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Possible Duplicate:
How to install Ubuntu, Windows XP and Windows 7 from scratch as triple-boot system

Can anyone direct me to a link or describe the procedure of what has to be done to install Windows 7 after Windows XP. Windows XP and all its data must be preserved, so I'd like not to experiment; I don't have a backup, and currently can't do one.

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marked as duplicate by alex, BinaryMisfit Oct 24 '09 at 9:40

This question has been asked before and already has an answer. If those answers do not fully address your question, please ask a new question.

This is very closely related to this question: Just take Ubuntu out of the equation. – alex Oct 23 '09 at 16:28
I edited my answer with a link to a tutorial on installing Windows 7. – alex Oct 23 '09 at 16:39
@alex - and yes, I do mind when somebody edits questions not his own, while not adding any useful information. – Rook Oct 23 '09 at 19:01
One sentence of extra reading wouldn't kill you, would it now ? – Rook Oct 23 '09 at 19:02
up vote 3 down vote accepted

Install Windows 7 on a different partition than Windows XP and you're basically done. The Windows 7 boot manager will recognize both operating systems and will take care of the rest. You won't lose any files, Windows XP will still work.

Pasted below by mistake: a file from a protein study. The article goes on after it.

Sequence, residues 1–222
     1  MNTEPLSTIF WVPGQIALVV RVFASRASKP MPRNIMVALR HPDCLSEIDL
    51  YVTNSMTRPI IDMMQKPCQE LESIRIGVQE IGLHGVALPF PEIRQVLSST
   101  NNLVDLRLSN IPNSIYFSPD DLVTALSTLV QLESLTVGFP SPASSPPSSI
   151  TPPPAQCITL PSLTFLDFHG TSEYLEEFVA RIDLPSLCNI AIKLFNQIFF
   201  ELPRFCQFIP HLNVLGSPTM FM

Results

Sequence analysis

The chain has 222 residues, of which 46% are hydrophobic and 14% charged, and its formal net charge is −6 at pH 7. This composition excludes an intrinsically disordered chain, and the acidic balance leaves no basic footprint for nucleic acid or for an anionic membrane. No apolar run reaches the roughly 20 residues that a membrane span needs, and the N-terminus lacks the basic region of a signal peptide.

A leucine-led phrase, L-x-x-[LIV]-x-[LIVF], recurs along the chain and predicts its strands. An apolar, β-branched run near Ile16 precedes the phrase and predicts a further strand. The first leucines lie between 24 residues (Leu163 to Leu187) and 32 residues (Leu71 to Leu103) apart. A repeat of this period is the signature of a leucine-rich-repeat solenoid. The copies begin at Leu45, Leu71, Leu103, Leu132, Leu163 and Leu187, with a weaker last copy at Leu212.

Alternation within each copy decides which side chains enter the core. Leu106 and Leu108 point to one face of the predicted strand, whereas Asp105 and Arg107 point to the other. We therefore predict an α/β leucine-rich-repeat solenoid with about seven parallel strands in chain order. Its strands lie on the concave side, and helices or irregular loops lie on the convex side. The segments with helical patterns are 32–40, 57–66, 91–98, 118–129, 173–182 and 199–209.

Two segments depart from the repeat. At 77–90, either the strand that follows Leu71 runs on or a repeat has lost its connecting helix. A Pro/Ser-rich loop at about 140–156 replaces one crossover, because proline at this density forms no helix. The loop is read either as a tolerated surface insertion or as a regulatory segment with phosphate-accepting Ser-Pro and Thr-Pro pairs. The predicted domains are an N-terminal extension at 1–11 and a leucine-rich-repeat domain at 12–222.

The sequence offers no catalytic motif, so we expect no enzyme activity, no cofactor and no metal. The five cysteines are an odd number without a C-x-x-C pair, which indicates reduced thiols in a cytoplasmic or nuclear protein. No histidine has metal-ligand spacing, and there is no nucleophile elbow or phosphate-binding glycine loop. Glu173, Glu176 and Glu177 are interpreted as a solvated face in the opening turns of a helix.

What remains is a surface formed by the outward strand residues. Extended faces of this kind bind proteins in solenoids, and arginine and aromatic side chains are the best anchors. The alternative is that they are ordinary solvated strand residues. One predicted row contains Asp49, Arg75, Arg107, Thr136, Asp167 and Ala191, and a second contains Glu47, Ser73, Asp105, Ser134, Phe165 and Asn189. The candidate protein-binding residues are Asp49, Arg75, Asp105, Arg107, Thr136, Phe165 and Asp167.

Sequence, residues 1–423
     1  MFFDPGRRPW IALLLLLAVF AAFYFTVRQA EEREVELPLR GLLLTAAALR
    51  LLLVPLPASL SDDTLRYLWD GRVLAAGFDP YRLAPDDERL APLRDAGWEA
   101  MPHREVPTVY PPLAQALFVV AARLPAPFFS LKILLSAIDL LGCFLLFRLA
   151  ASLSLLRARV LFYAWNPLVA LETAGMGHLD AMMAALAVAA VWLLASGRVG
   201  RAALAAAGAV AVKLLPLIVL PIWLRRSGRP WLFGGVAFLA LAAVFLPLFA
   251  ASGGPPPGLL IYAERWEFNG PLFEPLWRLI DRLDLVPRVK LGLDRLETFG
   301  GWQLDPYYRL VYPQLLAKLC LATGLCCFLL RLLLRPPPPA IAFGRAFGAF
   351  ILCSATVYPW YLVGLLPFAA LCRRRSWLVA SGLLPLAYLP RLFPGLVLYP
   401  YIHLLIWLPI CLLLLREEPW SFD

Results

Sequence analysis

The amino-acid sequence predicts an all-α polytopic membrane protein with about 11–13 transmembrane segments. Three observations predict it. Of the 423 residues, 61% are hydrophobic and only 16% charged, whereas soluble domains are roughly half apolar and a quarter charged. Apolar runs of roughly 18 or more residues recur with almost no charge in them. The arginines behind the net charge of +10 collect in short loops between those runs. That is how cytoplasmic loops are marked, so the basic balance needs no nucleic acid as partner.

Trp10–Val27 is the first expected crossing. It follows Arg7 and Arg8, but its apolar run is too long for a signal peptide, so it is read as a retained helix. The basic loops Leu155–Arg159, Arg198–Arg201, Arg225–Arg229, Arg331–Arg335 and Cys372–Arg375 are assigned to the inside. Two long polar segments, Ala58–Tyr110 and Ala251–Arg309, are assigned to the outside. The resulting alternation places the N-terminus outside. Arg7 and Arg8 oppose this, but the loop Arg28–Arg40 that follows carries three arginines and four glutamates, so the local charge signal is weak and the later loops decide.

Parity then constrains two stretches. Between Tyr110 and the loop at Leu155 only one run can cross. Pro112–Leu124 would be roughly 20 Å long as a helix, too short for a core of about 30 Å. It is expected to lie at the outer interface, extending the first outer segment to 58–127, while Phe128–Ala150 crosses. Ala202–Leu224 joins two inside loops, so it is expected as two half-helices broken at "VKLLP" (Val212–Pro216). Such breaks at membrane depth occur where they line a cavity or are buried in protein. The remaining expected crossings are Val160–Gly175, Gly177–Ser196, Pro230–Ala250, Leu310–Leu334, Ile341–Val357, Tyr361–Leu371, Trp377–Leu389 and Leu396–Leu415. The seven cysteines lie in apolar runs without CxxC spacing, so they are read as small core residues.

Here's a tutorial on how to install Windows 7. Just make sure not to format the XP partition and you'll be alright.

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Does win7 have a partitioner in its installation (the kind that doesn't delete files), or do i need to partition the disc before starting it ? – Rook Oct 23 '09 at 16:28
Yes it does. When you start installation, it will ask you where you want to install Windows 7. Choose the partition you want (just choose one that doesn't contain the XP installation) and choose format. From there on you don't have to do anything else. – alex Oct 23 '09 at 16:32
you just have to make a separate partition for win7 – Mahmoud Hossam Oct 23 '09 at 16:32
  1. Buy another hard drive.
  2. Install the new drive as a second drive in your computer.
  3. When the windows installer asks you where to install Windows 7, tell it you want to use that second drive. This will often be drive D or E, but the size of the drive should be apparent in the installer.
  4. After the install, your BIOS has the option of booting from any drive you like. Typically you press F8 when your computer is in the Power On Self Test screen, but it all depends on your computer's BIOS.
  5. If you're happy with Windows 7, run the Settings Transfer Wizard under XP then under Windows 7. Copy your data to the new drive and then erase the old drive. You can then either remove the old drive or re-install it as a secondary drive for data.

This is certainly the safest method for doing what you want, and it's probably also the easiest. Mucking around with your hard drive's partition has been known to destroy data, especially if you don't do it right. Moreover, re-partitioning the drive after you decide that you like Windows 7 (or not) is awkward at best and equally likely to destroy your data.

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